The Mayor remarked on it and we would endorse his comments – the debate on Council over the issue was lively and civil. Most members spoke and many good points were raised by members on both sides of the issue. The depth of the debate was a credit to Council.

To our surprise, nothing was said last night about the Cruise ship issue. Late last week, the judge appointed by the State Supreme Court issued his opinion on the suit brought before the Court by the Coastal Conservation League (CCL) and others over cruise ship issues. Carnival, the SPA and the City of Charleston sought dismissal of the suit. So far we have only the Post and Courier’s take on the opinion, which considering its editorials on the subject over the last few years, is unlikely to be unbiased. In a phrase, the P&C indicated that in the Judge’s opinion the suit had no merit in relation to rezoning but issues relation to pollution and private and public nuisance did. We are endeavoring to get the whole opinion and will put it on line when we can.

The following is the comment I made on cruise ships in Citizen’s Participation.

Cruise ships

A lot of the claims of CCL will be put to rest with the decision of Judge Newman. Those relating to pollution and nuisance may linger.

I’d like to address one of those pollution claims.
The emissions of cruise ships are so bad, that citizens’ health is threatened. Even when the ships burn cleaner fuel next year, it will be bad. It will equal 34,000 idling tractor –trailers, CCL said in a recent letter to members soliciting contributions.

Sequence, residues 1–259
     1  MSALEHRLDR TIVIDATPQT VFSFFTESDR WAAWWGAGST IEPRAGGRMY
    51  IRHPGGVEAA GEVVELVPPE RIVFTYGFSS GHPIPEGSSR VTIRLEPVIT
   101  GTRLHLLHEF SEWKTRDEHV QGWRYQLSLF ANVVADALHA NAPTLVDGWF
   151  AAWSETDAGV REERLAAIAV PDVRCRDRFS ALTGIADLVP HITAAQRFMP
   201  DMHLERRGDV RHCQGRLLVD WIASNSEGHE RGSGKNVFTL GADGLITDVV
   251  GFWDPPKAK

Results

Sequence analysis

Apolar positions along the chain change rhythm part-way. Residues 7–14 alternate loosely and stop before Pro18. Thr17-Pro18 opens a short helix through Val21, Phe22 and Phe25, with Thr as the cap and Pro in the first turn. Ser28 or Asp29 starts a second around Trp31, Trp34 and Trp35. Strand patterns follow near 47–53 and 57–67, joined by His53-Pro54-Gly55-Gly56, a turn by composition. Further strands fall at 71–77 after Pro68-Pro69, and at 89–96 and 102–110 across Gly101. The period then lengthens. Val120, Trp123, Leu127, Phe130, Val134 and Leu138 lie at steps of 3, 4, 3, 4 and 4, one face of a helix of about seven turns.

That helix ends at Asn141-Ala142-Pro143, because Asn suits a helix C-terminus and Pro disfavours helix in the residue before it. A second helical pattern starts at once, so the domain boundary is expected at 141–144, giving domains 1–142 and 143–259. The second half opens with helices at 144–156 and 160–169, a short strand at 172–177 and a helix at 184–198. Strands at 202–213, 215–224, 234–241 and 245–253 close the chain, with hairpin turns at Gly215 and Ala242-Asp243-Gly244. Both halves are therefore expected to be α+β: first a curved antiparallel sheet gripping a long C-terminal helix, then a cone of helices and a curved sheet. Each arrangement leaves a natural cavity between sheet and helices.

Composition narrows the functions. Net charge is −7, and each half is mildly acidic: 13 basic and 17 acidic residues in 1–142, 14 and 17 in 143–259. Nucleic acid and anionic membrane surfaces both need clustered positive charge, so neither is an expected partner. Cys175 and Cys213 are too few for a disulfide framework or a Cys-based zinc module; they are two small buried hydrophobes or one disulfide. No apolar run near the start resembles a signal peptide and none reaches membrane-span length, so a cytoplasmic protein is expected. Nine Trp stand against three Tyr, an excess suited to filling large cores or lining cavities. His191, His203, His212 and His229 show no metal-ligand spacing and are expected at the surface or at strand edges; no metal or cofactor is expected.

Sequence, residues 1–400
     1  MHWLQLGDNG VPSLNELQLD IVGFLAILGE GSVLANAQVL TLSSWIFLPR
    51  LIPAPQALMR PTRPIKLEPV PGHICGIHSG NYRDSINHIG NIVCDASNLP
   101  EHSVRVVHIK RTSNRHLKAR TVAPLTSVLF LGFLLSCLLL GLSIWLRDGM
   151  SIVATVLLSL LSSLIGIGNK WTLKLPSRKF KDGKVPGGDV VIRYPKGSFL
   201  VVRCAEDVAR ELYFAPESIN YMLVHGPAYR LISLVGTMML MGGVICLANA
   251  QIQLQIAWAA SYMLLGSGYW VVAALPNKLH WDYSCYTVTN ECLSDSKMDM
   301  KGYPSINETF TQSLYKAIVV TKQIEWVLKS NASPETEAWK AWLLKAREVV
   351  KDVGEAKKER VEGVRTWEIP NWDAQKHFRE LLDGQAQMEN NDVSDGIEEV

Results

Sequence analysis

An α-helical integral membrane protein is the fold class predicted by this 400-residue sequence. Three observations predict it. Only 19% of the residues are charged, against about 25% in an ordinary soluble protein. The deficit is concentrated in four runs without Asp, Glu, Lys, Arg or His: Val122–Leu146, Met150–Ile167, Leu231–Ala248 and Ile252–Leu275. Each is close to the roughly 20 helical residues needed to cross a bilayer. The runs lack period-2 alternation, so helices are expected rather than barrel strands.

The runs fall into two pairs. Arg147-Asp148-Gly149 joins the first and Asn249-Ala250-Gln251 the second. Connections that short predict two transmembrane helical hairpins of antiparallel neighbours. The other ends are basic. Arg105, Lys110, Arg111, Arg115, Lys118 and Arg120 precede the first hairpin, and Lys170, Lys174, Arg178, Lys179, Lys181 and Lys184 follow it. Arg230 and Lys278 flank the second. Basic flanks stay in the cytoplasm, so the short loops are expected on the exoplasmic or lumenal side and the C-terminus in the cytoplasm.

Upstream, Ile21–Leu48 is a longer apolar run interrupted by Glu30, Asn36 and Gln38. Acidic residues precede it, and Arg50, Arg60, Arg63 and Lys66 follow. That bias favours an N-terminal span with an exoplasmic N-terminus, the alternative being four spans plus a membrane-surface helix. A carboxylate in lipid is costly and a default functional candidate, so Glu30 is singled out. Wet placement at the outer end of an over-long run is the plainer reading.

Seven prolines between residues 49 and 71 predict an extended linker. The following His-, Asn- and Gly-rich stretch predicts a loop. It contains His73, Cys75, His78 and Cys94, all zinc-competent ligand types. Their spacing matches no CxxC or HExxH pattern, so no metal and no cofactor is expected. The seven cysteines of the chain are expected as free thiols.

CCL has defined pollution as the emission in terms of sulfur dioxide.

The EPA mandates that diesel fuel used by tractor-trailers contain no more than 15 ppm of sulfur. Marpol regulations mandate that fuel burned by cruise ships in port after next year have no more than 1000 ppm of sulfur.

Let’s look at cruise ship emissions in absolute terms.

The Carnival Fantasy burns about 100 tons of fuel a day while cruising. When in port for 10 hours - engines idling - generating power only for light and air conditioning – it burns no more than about 4 tons. At 1000 ppm, the sulfur is 8 lbs – emitted at the rate of less than a lb an hour and for only 10 hours, twice a week.

Let’s put this all into a perspective.

Black powder, or gun powder is a major ingredient in fireworks. It propels the rockets, and provides the bangs and explosions. Sulfur comprises about 10% to 15% of black powder. And I’d guess that black powder comprises 50% or more of the contents of many fireworks.

Statistics on fireworks displays are not easy to find. Macy’s in New York is reported to set off 24 tons in its display. Assuming half this weight is represented by packaging - and black powder makes up 50% of the rest - the sulfur content could be over 1000 lbs.

I don’t know what Charleston sets off - probably 2 to 4 tons. But the sulfur content could still be more than 100 lbs – and probably double this if you include the displays organized by surrounding Cities and by citizens.

Another comparison.

In 2008, Mead West Vaco acknowledged the odour from the paper mill across the river in an interview with the Daniel Island News.It was in compliance with all regulations, it said.

At the time of writing, emissions were running at about 30,000 lbs a year, down from 180,000 lbs. Much of the emissions were sulfur based.

With future cruise ship emissions likely to amount to about 800 lbs a year, it makes you wonder what the fuss is about?